Mood altering drugs

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Butterbug10
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161442
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Mood altering drugs
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2012-07-08 09:17:26
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mood altering drugs
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  1. Key facts about barbituates [Ex: thiopental (Pentothal), pentobarbital (Nembutal), secobarbital (Seconal sodium), phenobarbital (Luminal)]
    • Believed to cause generalized CNS depression by mimicking or enhancing the effects of GABA in the brain
    • Metabolized by the liver
    • Excreted in the feces
  2. When to use barbituates [Ex: thiopental (Pentothal), pentobarbital (Nembutal), secobarbital (Seconal sodium), phenobarbital (Luminal)]
    • Anesthesia
    • Insomnia
    • Seizures
  3. When NOT to use barbituates [Ex: thiopental (Pentothal), pentobarbital (Nembutal), secobarbital (Seconal sodium), phenobarbital (Luminal)]
    • pregnancy
    • Uncontrolled pain
    • History of acute intermittent porphyria or CNS depression
  4. Adverse reactions to barbituates [Ex: thiopental (Pentothal), pentobarbital (Nembutal), secobarbital (Seconal sodium), phenobarbital (Luminal)]
    Hangover feeling, slurred speech, paradoxical excitement, drowsiness, lethargy, hypoventilation, nausea, vomiting
  5. Key nursing actions for barbituates [Ex: thiopental (Pentothal), pentobarbital (Nembutal), secobarbital (Seconal sodium), phenobarbital (Luminal)]
    • Administer I.V. slowly
    • Assess pt's sleep patterns
    • Know that many sedative-hynotics are controlled substances
    • Limit amount of medication available to pt
    • Know that long-term use of these drugs may cause physical and psychological dependence
    • Monitor pt's respiratory status
  6. Topics for patient discussion about barbituates [Ex: thiopental (Pentothal), pentobarbital (Nembutal), secobarbital (Seconal sodium), phenobarbital (Luminal)]
    • Therapy regimen
    • Signs and symptoms of possible adverse reaction
    • Activity restriction
    • Safety measures
    • Avoidance of alcohol and OTC antihistamines and other CNS depressants
    • Notification of practitioner before using other prescription drugs
    • Need for compliance with therapy and medical follow-up
  7. Key facts about benzodiazepines [Ex: alprazolam (Xanax), chloridiazepoxide (Librium), clonazepam (Klonopin), clorazepate (Tranxene), diazepam (Valium), estazolam (ProSom), flurazepam (Dalmane), lorazepam (Ativan), midazolam (Versed), temazepam (Restoril)]
    • Cause generalized CNS depression by mimicking or enhancing the effects of GABA
    • Metabolized by the liver
    • Excreted in the urine
  8. When to use benzodiazepine [Ex: alprazolam (Xanax), chloridiazepoxide (Librium), clonazepam (Klonopin), clorazepate (Tranxene), diazepam (Valium), estazolam (ProSom), flurazepam (Damane), lorazepam (Ativan), midazolam (Versed), temazepam (Restoril)]
    • Anxiety
    • Alcohol withdrawal
    • Preoperative sedation
    • Insomnia
    • Seizures Skeletal muscle relaxation
  9. When NOT to use benzodiazepines [Ex:alrazolam (Xanax), chloridiazepoxide (Librium), clonazepam (Klonopin), clorazepate (Tranxene), diazepam (Valium), estazolam (ProSom), flurazepam (Dalmane), lorazepam (Ativan), midazolam (Versed), temazepam (Restoril)]
    • Pregnancy
    • Uncontrolled pain
    • Preexisting CNS depression
    • Acute angle-closure glaucoma
  10. Adverse reactions to benzodiazepines [Ex: alprazolam (Xanax), chloridiazepoxide (librium), clonazepam (Klonopin), clorazepate (Tranxene), diazepam (Valium), estazolam (ProSom), flurazepam (Dalmane), lorazepam (Ativan), midazolam (Versed), temazepam (Restoril)]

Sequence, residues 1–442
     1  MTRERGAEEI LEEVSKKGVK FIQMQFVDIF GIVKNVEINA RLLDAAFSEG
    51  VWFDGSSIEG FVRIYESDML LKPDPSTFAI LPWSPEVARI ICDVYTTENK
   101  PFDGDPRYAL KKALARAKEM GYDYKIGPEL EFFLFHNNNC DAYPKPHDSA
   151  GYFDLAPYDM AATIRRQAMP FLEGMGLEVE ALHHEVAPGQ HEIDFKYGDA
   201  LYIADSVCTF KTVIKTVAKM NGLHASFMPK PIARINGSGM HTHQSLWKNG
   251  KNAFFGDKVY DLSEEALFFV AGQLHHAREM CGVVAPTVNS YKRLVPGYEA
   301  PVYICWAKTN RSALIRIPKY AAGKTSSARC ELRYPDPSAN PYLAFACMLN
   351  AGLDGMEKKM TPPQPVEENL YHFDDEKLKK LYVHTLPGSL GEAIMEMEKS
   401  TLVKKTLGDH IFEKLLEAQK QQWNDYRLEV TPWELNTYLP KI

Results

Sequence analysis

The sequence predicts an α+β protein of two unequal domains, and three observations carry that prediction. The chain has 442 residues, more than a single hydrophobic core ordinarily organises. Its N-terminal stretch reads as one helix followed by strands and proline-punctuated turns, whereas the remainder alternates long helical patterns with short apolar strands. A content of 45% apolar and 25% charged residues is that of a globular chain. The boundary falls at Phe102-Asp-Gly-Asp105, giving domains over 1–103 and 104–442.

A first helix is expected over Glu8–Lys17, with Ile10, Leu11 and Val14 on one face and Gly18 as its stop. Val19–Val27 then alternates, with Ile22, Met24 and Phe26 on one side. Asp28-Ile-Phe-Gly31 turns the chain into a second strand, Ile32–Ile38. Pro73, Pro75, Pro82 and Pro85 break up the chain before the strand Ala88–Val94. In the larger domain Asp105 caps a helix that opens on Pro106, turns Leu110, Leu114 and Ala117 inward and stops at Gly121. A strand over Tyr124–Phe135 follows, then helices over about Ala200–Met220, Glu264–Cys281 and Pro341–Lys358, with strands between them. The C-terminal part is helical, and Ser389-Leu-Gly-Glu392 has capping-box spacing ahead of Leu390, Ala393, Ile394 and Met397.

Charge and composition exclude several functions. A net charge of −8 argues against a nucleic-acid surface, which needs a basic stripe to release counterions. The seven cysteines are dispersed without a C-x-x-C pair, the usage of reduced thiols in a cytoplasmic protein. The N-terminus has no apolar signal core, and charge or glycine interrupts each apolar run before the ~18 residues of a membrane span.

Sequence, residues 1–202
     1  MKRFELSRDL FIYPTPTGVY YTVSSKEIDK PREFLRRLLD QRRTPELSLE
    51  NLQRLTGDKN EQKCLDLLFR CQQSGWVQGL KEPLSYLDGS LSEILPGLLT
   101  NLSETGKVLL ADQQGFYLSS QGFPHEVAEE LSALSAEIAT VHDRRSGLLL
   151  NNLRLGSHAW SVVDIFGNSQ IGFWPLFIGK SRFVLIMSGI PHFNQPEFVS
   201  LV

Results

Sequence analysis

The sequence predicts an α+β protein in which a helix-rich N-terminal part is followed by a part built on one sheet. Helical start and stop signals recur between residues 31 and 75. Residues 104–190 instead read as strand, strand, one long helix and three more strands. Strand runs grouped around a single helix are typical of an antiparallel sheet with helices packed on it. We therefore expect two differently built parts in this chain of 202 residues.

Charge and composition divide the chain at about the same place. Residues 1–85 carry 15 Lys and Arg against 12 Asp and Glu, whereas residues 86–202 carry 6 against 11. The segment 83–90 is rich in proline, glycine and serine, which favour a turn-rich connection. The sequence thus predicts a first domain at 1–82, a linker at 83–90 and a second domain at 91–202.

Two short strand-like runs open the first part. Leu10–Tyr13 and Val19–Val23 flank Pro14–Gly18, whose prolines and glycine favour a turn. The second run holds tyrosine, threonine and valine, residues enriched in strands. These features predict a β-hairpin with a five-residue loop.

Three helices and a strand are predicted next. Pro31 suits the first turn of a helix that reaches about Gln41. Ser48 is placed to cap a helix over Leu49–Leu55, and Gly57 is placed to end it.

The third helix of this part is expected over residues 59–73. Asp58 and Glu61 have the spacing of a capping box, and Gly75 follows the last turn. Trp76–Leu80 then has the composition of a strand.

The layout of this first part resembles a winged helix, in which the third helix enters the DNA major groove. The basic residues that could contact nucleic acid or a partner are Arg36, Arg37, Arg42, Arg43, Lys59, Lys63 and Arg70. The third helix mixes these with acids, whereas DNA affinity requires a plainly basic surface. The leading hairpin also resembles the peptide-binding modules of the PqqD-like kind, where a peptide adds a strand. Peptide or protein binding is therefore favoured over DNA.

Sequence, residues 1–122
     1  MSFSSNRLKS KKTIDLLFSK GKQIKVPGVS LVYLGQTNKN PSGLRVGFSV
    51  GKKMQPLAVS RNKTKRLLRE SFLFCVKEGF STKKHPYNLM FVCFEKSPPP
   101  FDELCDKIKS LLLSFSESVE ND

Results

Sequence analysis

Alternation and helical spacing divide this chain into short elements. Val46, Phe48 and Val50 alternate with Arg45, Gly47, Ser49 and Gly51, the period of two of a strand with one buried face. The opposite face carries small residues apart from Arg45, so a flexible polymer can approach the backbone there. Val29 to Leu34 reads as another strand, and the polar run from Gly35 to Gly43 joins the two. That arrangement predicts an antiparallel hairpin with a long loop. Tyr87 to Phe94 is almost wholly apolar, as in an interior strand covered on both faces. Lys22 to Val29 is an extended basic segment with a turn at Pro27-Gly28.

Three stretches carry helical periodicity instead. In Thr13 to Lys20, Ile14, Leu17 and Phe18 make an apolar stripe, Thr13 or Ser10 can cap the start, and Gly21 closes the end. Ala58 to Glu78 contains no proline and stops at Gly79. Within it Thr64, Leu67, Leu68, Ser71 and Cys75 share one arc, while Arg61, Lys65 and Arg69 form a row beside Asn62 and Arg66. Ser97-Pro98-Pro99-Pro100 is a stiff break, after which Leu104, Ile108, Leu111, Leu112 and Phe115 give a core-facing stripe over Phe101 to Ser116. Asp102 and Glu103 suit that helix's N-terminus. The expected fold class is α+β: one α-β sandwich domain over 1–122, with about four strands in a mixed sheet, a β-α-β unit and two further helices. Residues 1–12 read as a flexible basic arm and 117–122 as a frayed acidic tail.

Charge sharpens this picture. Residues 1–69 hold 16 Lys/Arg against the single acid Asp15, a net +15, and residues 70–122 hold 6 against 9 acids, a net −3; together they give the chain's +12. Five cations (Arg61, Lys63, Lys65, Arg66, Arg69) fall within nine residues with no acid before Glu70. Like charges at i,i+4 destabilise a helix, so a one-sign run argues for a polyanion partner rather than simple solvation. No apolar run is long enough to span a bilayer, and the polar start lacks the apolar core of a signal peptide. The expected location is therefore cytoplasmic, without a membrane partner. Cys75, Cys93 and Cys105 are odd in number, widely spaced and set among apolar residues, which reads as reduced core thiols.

• Commonly drowsiness; ataxia; temporary memory impairments; reactions fo rage, excitedment, or hostility
    • Possible confusion, dry mouth, nausea
  11. Key nursing actions for benzodiazepines [Ex: alprazolam (Xanax), chloridiazepoxide (Librium), clonazepam (Klonopin), clorazepate (Tranxene), diazepam (Valium), estazolam (ProSom), flurazepam (Dalmane), lorazepam (Ativan), midazolam (Versed), temazepam (Restoril)]
    • Administer I.V. doses slowly
    • Instruct patient to notify practitioner if dose becomes ineffective after a few weeks
    • Advise patient not to increase dosage unless instructed by practitioner
    • Don't discontinue abruptly
  12. Key facts about nonbarbituates sedative-hypnotics and anxiolytics [Ex: buspirone (BuSpar), chloral hydrate, diphenhydramine (Benadryl), hydroxyzine (Vistaril), promethazine (Phenergan), zaleplon (Sonata), zolpidem (Ambien)]
    • Cause generalized CNS depression
    • Metabolized by the liver
    • Excreted in the feces
  13. When to use nonbarbituate sedative-hypnotics and anxiolytics [Ex:buspirone (BuSpar), chloral hydrate, diphenhydramine (Benadryl), hydroxyzine (Vistaril), promethazine (Phenergan), zaleplon (Sonata), zolpidem (Ambien)]
    • Insomnia
    • Preoperative sedation
    • General anesthesia
  14. When NOT to use nonbarbituate sedative-hypnotics and anxiolytics [Ex: buspirone (BuSpar), chloral hydrate, diphenhydramine (Benadryl), hydroxyzine (Vistaril), promethazine (Phenergan), zaleplon (Sonata), zolpidem (Ambien)]
    • Pregnancy
    • Uncontrolled pain
    • Preexisting CNS depression
  15. Adverse effects of nonbarbitaute sedative hypnotics and anxiolytics [Ex: buspirone (BuSpar), chloral hydrate, diphenhydramine (Benadryl), hydroxyzine (Vistaril), promethazine (Phenergan), zaleplon (Sonata), zolpidem (Ambien)]
    • Drowsiness
    • respiratory depression
    • nausea
    • vomiting
  16. Key nursing actions for nonbarbituate sedative-hypnotics and anxiolytics [Ex: buspirone (BuSpar), chloral hydrate, diphenhydramine (Benadryl), hydroxyzine (Vistaril), promethazine (Phenergan), zaleplon (Sonata), zolpidem (Ambien)]
    • Use Z-track method of injection (hydroxyzine)
    • Administer after meals (chloral hydrate)
    • Know that long-term use may cause dependence
  17. Key facts about phenothiazines [Ex: chlorpromazine (Thorazine), fluphenazine (Prolixin), perphenazine (Trilafon), prochlorperazine (Compazine), thiethylperazine (Torecan), thioridazine (Mellaril), thiothixene (Navane)]
    • Block the neurotransmitter depamine inthe limbic system inhibiting the impulse of nwural impulses
    • Inhibit chemoreceptor trigger zone in the medulla of the brain
    • Metabolized by the liver
    • Excrerteed mostly in the urine